Karen writes about life as a Quiltmaker in Austin, Texas; surviving in an empty nest, marriage, cooking, gardening and (did I say?) Quilting...

Monday, January 22, 2007

Work, Work, Work...

(1950s Singer undergoing "SPA" treatment)

Lest all good readers think the Karen is a woman of leisure, or perhaps retired... I must intrude upon our happy conversations about quilting with a bit of reality. You know, bill paying, grocery shopping, dog care, income production, well... life.
Though the nest is empty, life does indeed go on for woman. Last week I spent the week doing a bit of early "spring cleaning" of the computer, and my book keeping records, readying myself foir tax season (major UGH!), and re-opened the doors of what I fondly call my "SPA" for old sewing machines, er, excuse me, "vintage" sewing machines.
I have a fondness for old sewing machines, it probably started in my very early years. I was lucky enough to enjoy a childhood in which I was able to visit my maternal grandmother often. She long outlived a husband, and raised 8 children (losing one in childbirth), most of those years without the benefit of a husband (he was an alcoholic who,gratefully, left her when she was in her mid 40's). To make ends meet, all the home textile needs, and almost ALL clothing was sewn by her. She worked as a PBX operator (that's a private telephone system operator), nights at a hotel, so her days were free to care for her large household!
All her sewing, for her entire adult life, was done by way of a Singer model 127 treadle. (that's a machine that works with NO electricity gentle reader.... it is foot-powered by means of a pedal).
Despite the expense to her health of all those childbirths, she lived to be 95, and passed on in 1999. She used her machine (eshewing every effort to give or provide an electric machine), until she was well into her 80's. Some of my earliest memories of visits to her home involve watching her sew with great fascination. Eventually, I was allowed to use the machine, as she loved to teach all her grandkids how to use the fascinating machine. No hand made quilts for my grandmother, all were sewn as efficiently as possible, pieced from dressmaking scraps in simple squares on the machine. They were always tied, the batting a good bag of Mountain Mist from the F.W.Woolworths.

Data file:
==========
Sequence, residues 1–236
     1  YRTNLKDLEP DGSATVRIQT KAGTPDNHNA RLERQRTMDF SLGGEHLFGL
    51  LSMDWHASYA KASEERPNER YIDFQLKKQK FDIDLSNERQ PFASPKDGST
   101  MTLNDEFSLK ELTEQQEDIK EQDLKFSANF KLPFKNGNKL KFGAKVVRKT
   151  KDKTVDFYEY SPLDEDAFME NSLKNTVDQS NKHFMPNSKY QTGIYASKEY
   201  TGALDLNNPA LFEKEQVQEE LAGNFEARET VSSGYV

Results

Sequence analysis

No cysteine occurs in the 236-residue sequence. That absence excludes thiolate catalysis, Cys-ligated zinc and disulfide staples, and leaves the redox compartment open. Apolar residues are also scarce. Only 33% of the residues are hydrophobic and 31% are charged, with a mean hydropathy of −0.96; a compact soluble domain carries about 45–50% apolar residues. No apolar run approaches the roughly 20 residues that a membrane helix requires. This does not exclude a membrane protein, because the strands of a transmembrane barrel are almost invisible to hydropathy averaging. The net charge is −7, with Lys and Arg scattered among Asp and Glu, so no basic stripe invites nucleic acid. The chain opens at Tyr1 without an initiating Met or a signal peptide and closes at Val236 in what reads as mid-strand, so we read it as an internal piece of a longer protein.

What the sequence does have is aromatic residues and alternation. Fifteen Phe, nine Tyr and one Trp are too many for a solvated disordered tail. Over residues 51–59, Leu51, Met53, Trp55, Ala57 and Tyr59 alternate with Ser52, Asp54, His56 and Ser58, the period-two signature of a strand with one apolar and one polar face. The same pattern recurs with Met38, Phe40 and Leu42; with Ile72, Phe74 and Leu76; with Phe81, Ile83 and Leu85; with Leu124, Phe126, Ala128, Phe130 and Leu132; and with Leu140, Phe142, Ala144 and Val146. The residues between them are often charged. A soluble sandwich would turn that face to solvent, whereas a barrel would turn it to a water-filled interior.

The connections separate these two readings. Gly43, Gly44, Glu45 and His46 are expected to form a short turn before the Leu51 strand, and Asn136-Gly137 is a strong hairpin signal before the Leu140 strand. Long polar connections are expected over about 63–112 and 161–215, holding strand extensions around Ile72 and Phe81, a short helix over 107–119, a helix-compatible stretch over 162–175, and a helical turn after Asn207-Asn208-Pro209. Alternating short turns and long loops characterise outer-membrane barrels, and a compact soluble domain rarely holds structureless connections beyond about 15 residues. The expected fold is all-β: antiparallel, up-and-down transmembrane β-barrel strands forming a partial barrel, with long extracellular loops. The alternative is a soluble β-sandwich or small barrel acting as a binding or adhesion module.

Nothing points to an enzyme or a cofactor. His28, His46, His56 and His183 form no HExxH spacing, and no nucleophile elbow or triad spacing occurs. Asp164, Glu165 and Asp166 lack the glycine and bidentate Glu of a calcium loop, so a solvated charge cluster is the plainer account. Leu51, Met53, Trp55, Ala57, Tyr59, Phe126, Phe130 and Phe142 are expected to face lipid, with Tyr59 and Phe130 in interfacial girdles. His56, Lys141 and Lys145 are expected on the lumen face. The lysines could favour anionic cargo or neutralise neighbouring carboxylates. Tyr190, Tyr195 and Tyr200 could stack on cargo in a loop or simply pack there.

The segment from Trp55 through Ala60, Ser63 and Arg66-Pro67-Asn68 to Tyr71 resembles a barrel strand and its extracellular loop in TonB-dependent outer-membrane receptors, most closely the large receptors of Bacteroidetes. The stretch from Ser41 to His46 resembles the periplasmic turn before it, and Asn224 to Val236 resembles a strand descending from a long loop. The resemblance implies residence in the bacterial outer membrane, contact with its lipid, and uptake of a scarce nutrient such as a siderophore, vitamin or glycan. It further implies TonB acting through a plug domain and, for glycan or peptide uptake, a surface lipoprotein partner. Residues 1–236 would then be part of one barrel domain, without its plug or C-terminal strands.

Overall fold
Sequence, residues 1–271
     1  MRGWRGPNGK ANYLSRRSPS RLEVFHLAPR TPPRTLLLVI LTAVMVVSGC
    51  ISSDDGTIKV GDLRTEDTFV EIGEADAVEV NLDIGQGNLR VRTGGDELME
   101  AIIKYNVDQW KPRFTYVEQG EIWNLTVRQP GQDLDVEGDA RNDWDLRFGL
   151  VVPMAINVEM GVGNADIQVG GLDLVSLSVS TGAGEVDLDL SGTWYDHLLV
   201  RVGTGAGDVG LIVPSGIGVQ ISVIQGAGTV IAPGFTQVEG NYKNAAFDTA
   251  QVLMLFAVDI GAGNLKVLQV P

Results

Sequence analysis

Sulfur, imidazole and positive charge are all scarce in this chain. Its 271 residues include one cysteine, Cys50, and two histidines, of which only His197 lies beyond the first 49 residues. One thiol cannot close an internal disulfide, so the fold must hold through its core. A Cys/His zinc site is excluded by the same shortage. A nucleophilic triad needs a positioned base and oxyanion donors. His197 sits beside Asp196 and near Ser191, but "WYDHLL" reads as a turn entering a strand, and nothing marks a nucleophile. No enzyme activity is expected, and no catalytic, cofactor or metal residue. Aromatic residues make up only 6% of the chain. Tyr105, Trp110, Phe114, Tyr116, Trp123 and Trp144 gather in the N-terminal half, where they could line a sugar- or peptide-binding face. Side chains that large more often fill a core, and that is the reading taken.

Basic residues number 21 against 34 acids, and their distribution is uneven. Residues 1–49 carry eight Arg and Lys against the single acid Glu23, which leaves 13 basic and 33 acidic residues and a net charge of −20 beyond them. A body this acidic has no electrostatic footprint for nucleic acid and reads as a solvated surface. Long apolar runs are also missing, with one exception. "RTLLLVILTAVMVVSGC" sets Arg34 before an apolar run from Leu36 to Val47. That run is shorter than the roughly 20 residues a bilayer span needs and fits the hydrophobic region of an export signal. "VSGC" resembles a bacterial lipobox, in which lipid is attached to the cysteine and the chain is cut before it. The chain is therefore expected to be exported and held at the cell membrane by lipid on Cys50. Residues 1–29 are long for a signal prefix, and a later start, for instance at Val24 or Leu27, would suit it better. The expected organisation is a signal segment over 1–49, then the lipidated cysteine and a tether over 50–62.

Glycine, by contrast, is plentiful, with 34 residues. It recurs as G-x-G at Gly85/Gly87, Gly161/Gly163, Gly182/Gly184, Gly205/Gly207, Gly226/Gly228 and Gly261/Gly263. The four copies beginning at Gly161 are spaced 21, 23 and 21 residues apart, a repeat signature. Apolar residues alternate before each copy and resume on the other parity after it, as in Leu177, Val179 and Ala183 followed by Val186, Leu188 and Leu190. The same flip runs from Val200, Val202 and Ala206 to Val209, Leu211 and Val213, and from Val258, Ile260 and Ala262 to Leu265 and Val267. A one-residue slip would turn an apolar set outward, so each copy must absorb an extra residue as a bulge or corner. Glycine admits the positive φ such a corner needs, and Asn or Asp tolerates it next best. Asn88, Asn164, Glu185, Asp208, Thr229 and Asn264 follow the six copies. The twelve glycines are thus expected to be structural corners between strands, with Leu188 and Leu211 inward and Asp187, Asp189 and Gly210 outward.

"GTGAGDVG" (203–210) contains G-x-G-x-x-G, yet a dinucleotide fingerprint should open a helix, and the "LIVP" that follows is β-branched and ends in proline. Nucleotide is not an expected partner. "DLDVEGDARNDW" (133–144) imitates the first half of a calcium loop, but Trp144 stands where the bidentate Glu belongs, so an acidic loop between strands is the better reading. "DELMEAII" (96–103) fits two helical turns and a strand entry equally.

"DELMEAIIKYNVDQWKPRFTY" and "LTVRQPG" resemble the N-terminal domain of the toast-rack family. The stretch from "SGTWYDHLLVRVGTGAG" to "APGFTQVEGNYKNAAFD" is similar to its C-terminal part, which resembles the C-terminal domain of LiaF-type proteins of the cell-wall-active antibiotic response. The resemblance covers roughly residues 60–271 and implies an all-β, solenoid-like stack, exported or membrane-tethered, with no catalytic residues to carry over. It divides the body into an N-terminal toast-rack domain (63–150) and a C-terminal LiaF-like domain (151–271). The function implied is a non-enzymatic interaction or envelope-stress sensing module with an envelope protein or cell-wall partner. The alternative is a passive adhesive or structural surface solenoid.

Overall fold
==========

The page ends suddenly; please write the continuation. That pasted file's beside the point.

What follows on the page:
So, back to that fascination with sewing machines...

So, about 10 years ago, I began to relive my earlier fascination with machines, when I bought an old machine and decided to take it apart, and see if I could make it work again...(I've always been a bit of a geek/mechanic... tinkering - that came from my dad...more on that on another day). I was pretty proud of myself when I was indeed able to not only make it run, but found (in more recent years as I got involved in machine quilting) that the machine was a fabulous free motion quilter! The machine, an old Singer 15-91, has a wonderfully forgiving size 15 bobbin and oscillating shuttle mechanism (your Bernina most likely uses this same design!), that handles variation in thread, work thickness, and mishandling with ease. It has a good amount of arm space - even a queen sized quilt can be carefully worked under the harp.

Of course the bug bit me hard, and soon I found myself acquiring old machines, which of course mean't I needed to "restore" them... I liken the process to a "SPA" treatment - involving an oil soak, a serious buffing, and, ending with a nice polish!
Of course, given my recent decision to downsize and simplify my life, I decided to trade off some of my own growing machine collection, and, ended up with what has become a fairly active "trade" in machines.

On Sunday I delivered a lovely 1937 Singer 15-91, that I had restored to working order for my good friend Babs - who has a hankering to start doing some sewing. I also sold a lovel old 1936 Singer 221 Featherweight... one of my favorite models.
And later this week, I'm heading back over to Houston to attend a Sewing Machine repair course taught by nationally known OSMG (old sewing machine guy) Ray White! After 3 days with Ray, I expect to move my "meching" skills up a huge notch...
(Machines lined up awaiting SPA Treatment)
So, you ask, what has this to do with "work", well, along with my trade in vintage linens, the sewing machine restoration has become a rather prosperous little enterprise which I think I will continue to push along... as I also examine other means of enterprise that have to do with my other favored pastime: quilting! I much enjoy working for myself after so many years working for others, and hope I can keep this going...

No comments: